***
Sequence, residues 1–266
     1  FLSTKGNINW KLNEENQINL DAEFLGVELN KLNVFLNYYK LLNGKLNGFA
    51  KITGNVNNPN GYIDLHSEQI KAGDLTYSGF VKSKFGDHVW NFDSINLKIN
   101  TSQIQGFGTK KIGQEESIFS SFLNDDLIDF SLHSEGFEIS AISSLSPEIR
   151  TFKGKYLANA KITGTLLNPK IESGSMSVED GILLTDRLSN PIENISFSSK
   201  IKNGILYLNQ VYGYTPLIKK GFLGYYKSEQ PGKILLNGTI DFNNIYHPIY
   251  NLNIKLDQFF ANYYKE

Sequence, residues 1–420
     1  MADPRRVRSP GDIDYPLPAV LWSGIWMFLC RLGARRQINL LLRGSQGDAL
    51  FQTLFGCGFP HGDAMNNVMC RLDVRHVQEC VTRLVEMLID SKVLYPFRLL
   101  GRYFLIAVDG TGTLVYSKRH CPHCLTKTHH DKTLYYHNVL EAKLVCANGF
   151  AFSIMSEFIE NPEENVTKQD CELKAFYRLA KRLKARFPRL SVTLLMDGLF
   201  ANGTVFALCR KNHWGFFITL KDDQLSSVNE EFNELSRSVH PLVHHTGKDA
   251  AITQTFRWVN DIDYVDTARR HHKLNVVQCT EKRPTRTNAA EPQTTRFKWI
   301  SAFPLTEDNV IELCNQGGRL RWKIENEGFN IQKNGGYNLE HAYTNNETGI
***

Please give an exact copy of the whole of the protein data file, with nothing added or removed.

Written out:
Sequence, residues 1–266
     1  FLSTKGNINW KLNEENQINL DAEFLGVELN KLNVFLNYYK LLNGKLNGFA
    51  KITGNVNNPN GYIDLHSEQI KAGDLTYSGF VKSKFGDHVW NFDSINLKIN
   101  TSQIQGFGTK KIGQEESIFS SFLNDDLIDF SLHSEGFEIS AISSLSPEIR
   151  TFKGKYLANA KITGTLLNPK IESGSMSVED GILLTDRLSN PIENISFSSK
   201  IKNGILYLNQ VYGYTPLIKK GFLGYYKSEQ PGKILLNGTI DFNNIYHPIY
   251  NLNIKLDQFF ANYYKE

Sequence, residues 1–420
     1  MADPRRVRSP GDIDYPLPAV LWSGIWMFLC RLGARRQINL LLRGSQGDAL
    51  FQTLFGCGFP HGDAMNNVMC RLDVRHVQEC VTRLVEMLID SKVLYPFRLL
   101  GRYFLIAVDG TGTLVYSKRH CPHCLTKTHH DKTLYYHNVL EAKLVCANGF
   151  AFSIMSEFIE NPEENVTKQD CELKAFYRLA KRLKARFPRL SVTLLMDGLF
   201  ANGTVFALCR KNHWGFFITL KDDQLSSVNE EFNELSRSVH PLVHHTGKDA
   251  AITQTFRWVN DIDYVDTARR HHKLNVVQCT EKRPTRTNAA EPQTTRFKWI
   301  SAFPLTEDNV IELCNQGGRL RWKIENEGFN IQKNGGYNLE HAYTNNETGI